Penny Nuclear innovate to keep business running throughout lockdown30 September 2020
Penny Nuclear team utilise CCTV systems to remotely complete Factory Acceptance Testing (FAT) and to keep projects moving.
Lockdown and social distancing has provided businesses with many challenges this year. In the UK, the Penny Nuclear team have turned this challenge into an opportunity to improve the way in which they offer Factory Acceptance Testing.
Penny Nuclear designs and manufactures lifting equipment, mechanical handling solutions and hydraulic systems for all stages of the nuclear plant lifecycle and nuclear fuel cycle. The company is a tier 2 supplier to the nuclear industry supplying directly to companies such as Sellafield Ltd and Magnox Ltd amongst others.
With unprecedented numbers of people working from home or under restricted travel, physical travel to witness FAT has been difficult. The Penny Nuclear team utilised a high-resolution CCTV system inside the nuclear work area to record, live stream and present the product in use to its customers.
The images below show FAT of a 300-tonne hydraulic drum compactor, used to compress drums of Fuel Element Debris (FED) which is to be retrieved at Magnox’s Hinkley Point A site.
With this being a key project for Magnox, if the completion of the FAT was not possible until travel restrictions were lifted, this would have put the project on hold until potentially 2021.
"We set up our CCTV system to capture key parts of the systems that were developed for waste handling and storage," says Simon Pykett, general manager of Penny Nuclear. "This enabled us to provide our customers with a split screen view of the entire system being demonstrated and to pass FAT. This ultimately led to us being able to successfully demonstrate the capabilities of the equipment to the customer and progress to the next stage of the project."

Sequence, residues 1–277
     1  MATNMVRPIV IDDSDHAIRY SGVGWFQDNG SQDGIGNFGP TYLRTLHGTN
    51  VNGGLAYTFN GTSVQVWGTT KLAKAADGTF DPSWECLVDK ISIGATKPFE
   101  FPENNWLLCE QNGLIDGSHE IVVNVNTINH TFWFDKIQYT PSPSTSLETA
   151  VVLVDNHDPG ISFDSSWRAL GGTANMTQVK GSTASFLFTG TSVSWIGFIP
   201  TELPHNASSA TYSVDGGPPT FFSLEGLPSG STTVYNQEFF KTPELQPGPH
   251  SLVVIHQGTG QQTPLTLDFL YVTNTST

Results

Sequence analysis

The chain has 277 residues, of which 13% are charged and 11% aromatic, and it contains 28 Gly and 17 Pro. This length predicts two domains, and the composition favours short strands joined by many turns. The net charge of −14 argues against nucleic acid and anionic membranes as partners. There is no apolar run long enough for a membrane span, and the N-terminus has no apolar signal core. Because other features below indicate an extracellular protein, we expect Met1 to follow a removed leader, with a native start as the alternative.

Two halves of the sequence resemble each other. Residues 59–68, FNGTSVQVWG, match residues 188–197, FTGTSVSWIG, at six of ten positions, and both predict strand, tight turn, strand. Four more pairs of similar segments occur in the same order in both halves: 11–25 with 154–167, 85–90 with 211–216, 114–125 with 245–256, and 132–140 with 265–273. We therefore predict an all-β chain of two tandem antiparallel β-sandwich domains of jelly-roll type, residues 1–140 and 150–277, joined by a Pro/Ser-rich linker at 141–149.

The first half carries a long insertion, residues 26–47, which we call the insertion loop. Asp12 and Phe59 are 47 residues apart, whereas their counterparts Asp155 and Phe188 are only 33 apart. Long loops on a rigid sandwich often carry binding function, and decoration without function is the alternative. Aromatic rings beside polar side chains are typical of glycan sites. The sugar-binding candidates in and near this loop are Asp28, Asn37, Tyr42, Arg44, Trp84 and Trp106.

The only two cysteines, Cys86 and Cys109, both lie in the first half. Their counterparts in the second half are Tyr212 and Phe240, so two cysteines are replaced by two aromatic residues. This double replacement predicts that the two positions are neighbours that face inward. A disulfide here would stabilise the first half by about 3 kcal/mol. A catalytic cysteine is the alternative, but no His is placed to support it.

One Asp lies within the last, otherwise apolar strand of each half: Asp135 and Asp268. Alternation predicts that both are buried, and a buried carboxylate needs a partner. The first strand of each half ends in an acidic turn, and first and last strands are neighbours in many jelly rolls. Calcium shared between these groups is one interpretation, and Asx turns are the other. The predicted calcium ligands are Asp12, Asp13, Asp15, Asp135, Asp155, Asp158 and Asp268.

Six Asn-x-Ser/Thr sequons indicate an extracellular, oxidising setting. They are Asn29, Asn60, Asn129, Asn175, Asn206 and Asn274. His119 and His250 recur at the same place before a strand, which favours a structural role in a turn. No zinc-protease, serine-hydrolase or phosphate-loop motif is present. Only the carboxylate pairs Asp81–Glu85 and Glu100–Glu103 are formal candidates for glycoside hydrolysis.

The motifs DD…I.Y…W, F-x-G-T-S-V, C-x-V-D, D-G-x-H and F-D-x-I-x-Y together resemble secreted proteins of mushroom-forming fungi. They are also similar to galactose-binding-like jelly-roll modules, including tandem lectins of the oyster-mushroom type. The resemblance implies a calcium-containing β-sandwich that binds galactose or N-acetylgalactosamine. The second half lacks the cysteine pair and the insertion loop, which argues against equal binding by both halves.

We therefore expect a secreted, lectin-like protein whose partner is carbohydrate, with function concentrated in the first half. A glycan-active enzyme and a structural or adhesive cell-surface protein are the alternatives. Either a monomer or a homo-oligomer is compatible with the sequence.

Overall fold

Keeping business moving throughout lockdown and beyond
The adaptation of the FAT has allowed Penny Nuclear to continue to deliver solutions to its customers, enabling our customers to continue to work on their decommissioning projects.
The CCTV has also been utilised to help the project engineers to test a remote puck loading system. The high resolution CCTV feed is streamed onto a laptop and is used to position the puck into a repository behind a screen that imitates a shield wall.
The Penny Nuclear team plan to continue to use this method of demonstrating the product throughout the pandemic and beyond.
"You could argue that the video actually worked better than an in-person demonstration" says Penny Nuclear project engineer Rob Stuart. "Our customer could view the whole system and key elements working together, as well as pause and rewind the video to pick out key moments of the test. The enhanced viewing experience could even potentially help us to identify improvements to systems for the future."